• Monica Cruz

Biden’s watered down infrastructure plan: What’s in, what’s out and what’s next?

The Infrastructure Investment and Jobs Act which was passed by the US Congress is the largest single federally-funded investment in infrastructure in over a decade. However, many of its original proposals were abandoned and a lot hinges on its implementation


Credit: White House

After months of negotiations, the US House of Representatives voted to approve the USD 1.2 trillion Infrastructure Investment and Jobs Act (IIJA) on Friday, November 5. It has already been passed by the Senate. Even after being whittled down by a trillion dollars, it is the largest single federally-funded investment in infrastructure in over a decade. The US received a C- score from the American Society of Civil Engineers earlier this year. So despite the bill being a fraction of its original size, it is sorely needed.


What’s in

The bill designates a record USD 89.9 billion to upgrade the nation’s crumbling public transportation systems. This includes funding to fix and expand transit stations, make existing stations more accessible, and modernize railways and buses.


Another USD 110 billion will go to maintenance of roads, highways and bridges. According to the White House, this is the largest investment in the nation’s interstate highway system since it was constructed in the 1950s. The bill will also fund projects for communities disconnected from major highways and bridges, which are disproportionately Black. Furthermore, it would allot funds for maintenance at airports, ports and waterways, as well as investments to lower emissions. The bill proposed record investments in pathways for non-motorized transport. USD 1.44 billion a year will go to making and repairing bike lanes, sidewalks and trails.


Also in record numbers, it appropriates USD 15 billion for lead pipe remediation and USD 9 billion for lead reduction efforts in communities most impacted by lead poisoning.


The IIJA allocates USD 65 billion to improve broadband infrastructure, with the goals to lower the household price for internet service, create more transparency in pricing, and encourage competition in areas where existing service providers are not working well.


While Biden’s Build Back Better includes the majority of his administration’s planned measures to tackle climate change and emissions, the IIJA addresses the infrastructural issues facing communities both at-risk and already-devastated by climate change-related disasters. It allocates USD 50 billion to those hit by floods, heat waves and other recent climate-related destruction. Overall, the bill gives USD 154 billion for climate resilient infrastructure, including USD 5 billion for electric school buses and USD 7.5 billion for electric vehicle charging stations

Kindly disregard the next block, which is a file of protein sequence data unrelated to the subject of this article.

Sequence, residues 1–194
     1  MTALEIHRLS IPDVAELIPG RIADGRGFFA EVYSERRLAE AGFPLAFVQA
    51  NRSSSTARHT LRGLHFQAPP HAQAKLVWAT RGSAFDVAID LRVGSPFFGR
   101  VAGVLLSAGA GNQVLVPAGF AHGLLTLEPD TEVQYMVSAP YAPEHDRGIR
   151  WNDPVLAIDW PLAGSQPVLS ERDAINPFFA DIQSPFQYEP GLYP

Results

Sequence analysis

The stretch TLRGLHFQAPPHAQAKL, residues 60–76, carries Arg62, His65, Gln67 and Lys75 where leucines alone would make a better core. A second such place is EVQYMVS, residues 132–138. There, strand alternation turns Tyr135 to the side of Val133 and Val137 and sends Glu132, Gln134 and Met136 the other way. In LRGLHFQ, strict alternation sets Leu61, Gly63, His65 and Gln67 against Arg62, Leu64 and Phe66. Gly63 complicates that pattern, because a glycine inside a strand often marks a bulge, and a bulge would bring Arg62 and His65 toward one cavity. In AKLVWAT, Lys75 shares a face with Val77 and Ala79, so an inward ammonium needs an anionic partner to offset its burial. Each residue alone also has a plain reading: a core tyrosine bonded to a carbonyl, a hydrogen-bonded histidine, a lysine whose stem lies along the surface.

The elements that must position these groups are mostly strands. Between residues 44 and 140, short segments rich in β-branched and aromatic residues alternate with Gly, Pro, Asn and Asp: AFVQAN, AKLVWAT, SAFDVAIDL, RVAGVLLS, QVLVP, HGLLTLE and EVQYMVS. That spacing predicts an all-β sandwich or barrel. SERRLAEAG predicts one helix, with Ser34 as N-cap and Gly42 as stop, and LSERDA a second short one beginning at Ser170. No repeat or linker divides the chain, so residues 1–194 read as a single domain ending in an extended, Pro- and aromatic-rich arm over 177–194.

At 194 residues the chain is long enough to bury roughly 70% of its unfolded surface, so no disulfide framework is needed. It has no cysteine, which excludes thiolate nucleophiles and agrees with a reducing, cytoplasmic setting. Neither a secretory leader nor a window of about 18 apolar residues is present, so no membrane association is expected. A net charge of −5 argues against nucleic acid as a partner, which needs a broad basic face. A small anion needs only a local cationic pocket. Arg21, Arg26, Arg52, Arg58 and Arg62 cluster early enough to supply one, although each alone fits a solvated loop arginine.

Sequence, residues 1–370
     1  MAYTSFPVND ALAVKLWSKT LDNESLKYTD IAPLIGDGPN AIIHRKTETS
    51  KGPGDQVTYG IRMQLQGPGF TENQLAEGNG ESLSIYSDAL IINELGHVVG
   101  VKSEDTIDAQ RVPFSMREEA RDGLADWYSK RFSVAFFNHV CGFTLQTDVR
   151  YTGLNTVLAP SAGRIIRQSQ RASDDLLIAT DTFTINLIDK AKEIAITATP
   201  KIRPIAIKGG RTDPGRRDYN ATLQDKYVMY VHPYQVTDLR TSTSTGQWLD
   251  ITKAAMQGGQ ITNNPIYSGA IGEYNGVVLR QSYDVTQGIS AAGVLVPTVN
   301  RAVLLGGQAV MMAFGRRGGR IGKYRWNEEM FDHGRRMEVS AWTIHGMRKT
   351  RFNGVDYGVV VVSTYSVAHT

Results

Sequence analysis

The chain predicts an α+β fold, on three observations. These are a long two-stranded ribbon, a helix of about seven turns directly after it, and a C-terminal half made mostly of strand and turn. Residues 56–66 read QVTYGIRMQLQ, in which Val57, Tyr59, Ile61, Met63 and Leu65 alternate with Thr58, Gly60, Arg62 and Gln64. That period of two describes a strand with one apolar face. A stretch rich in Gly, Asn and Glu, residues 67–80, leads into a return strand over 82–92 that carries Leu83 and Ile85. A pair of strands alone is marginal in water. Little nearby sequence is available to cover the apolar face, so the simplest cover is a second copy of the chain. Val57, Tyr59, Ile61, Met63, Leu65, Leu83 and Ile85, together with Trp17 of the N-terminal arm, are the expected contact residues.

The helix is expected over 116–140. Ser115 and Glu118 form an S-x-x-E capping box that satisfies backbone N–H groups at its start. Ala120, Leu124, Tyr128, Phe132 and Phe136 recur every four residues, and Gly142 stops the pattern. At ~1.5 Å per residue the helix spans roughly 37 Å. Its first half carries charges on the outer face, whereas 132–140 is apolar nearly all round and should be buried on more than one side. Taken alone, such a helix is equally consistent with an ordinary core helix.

What’s out

The bill leaves out most of Biden’s initial proposals, including workforce development, pay raises for essential workers and corporate tax rate raises. The original plan included measures to raise the corporate income tax rate to 28% and deter corporations from using off-shore tax havens. It would have also made it more difficult for corporations to merge with international companies in order to avoid paying taxes.


The outcome of months-long negotiations also nixed USD 100 billion in workplace development funds, from programs to help workers who lost their jobs during the pandemic, to trainings for high school students.


The IIJA was originally full of healthcare-related proposals like USD 400 billion to improve care for aging and disabled people and USD 18 billion to improve Veterans hospitals, which are decades older, on average, compared to private-sector hospitals.


What’s next

It is clear the scale of the bill does not meet the scale of the problem. A major component of how successful it will be in improving the nation’s ailing infrastructure is how exactly the money is spent. So if the billions allotted for broadband expansion are given to the same corporations who have failed to do just this in the past or small contractors who fumble major repair projects, it will be difficult to call this bill a success.


It has been stalled by debates between progressives and more right-wing members of the Democratic Party over whether or not to include the IIJA with the “Build Back Better” social spending bill. For months, progressives have pushed for Build Back Better to be passed in tandem with the infrastructure bill arguing that this is necessary to ensure Biden’s full agenda is passed. Six progressive caucus members voted against the infrastructure bill on this basis.


One of them, representative Ilhan Omar, explained, “Passing the infrastructure bill without passing the Build Back Better Act first risks leaving behind child care, paid leave, healthcare, climate action, housing, education, and a roadmap to citizenship.”


This was originally published on Peoples Dispatch.